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On the Air: Exploding Head Movies

Author

lettering by Sitji Chou
lettering by Sitji Chou

In its biography, Exploding Head Movies claims to explore the music of cinema to “encompass composers, genres, and other categories, but all in the name of discovery and ironclad whimsy.” Apparently, when you take your whimsy as seriously as the show’s creator, Gary A. Korhonen (a.k.a. GAK), it must be well armoured. I sat down with GAK to mine his extensive knowledge of film, music, and forgotten Vancouver soundtracks.

What is Exploding Head Movies?

It’s a pretty playful show. There’s a lot of space for things just to happen. People often assume it’s going to be structured soundtracks all the time, but I like the idea of a little flexibility. If you can surprise someone, introduce them to something new, and show them how it connects to something they are more familiar with, then you can open up their ears in that way. It’s really a type of premeditated chaos.

XHM #186 – “Fragments of cold fingers” (2013 October 07) by Exploding Head Movies on Mixcloud

How did the show get started?

It came about when I first moved to Vancouver. I’d been working in Tokyo for quite some time, and Vancouver was the first place I’d moved to where I didn’t have a job or any planned commitments. I’d always wanted to do radio, and had listened to CiTR often before, so I thought I’d see if I was up for it. Soon it became a case of looking at the music library I had and looking at what was available at the station, and asking myself what I could contribute. I listen to a fair amount of soundtracks, and I only knew of a couple other shows like this, so I thought I’d do it. I wanted to explore any sounds that were in that atmospheric or cinematic vein and potentially create a “soundtrack to be.” The whole show can be a soundtrack to a film that’s running through your mind or something that can annotate the way you are living.

photo by Sam Tudor
photo by Sam Tudor

With a show focused on cinematic tunes, how do you take a local approach?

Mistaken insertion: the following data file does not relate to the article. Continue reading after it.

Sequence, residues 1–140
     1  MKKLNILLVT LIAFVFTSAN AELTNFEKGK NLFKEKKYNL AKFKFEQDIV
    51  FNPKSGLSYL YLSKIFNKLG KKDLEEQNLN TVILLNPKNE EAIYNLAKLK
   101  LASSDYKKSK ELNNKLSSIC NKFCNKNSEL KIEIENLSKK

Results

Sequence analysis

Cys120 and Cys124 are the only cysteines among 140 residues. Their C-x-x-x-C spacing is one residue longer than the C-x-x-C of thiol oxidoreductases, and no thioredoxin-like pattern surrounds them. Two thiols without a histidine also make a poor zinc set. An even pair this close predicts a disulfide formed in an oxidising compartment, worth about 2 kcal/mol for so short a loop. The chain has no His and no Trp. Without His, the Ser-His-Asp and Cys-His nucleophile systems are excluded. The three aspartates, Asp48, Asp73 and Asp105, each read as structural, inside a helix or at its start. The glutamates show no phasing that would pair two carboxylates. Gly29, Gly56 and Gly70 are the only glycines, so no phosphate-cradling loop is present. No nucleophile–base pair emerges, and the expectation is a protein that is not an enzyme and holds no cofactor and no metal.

It’s a hard angle to pursue because a lot of soundtrack stuff is in Hollywood, but there are actually a lot of people in the video game world in Vancouver who work on composing. That’s a pretty extensive industry for music in Vancouver. But there are musicians doing it, and Vancouver has a long history in the film world, although a lot of it isn’t documented well. There’s a great film that used to air on VH1 called Ladies and Gentlemen, the Fabulous Stains. It was filmed in Vancouver, and had one of the guys from the Clash and a couple of the Sex Pistols in it. A lot of the history behind it has disappeared, because the show bombed; in terms of film and music in Vancouver, it’s important.

As movies have changed over time, how have soundtracks? Are individual composers still important, or is there more sourcing of individual songs?

I think the idea of sourcing songs as opposed to having a specific composer has always existed. Even old films like Casablanca and the song “As Time Goes By”; that song had been floating around 10 years before they used it in the film, and it only really became a part of the cultural dialogue once they did. But there’s also the idea of moving away from the studio system to more independent productions. When synthesizers got small you could have your own orchestra in one keyboard, and that really changed the way a lot of people composed. That bedroom aesthetic slowly started creeping in. You get artists like John Carpenter who not only directed, wrote, and edited his films, he also would provide simple synth lines for them. So yes, there is a lot of recycling, but there are always different evolutions in effect.

What are the benefits of broadcasting from CiTR?

We have the flexibility of being a non-mainstream campus community radio station. We can really get wacky, and you can have a show that’s always changing. So I like the idea of all those random noisy bits and even the mistakes. I did a Joy Division profile a few years back, and played one of the songs at the wrong speed. I realized afterwards that Ian Curtis sounded like a Chipmunk.

What are your future plans for Exploding Head Movies?

Something I’ve yet to do is a proper show with songs from musicals. But instead of talking about the songs you’ve just played, the show becomes a semi-musical itself. A musical about musicals. I’d also like to tie more into the UBC community and work with the UBC Film Society and the Drama Club. I want to do an on-air radio drama… I’ve got a lot of lofty ideas to tackle.

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Tune in to Exploding Head Movies on Mondays from 7 to 9 p.m. on CiTR.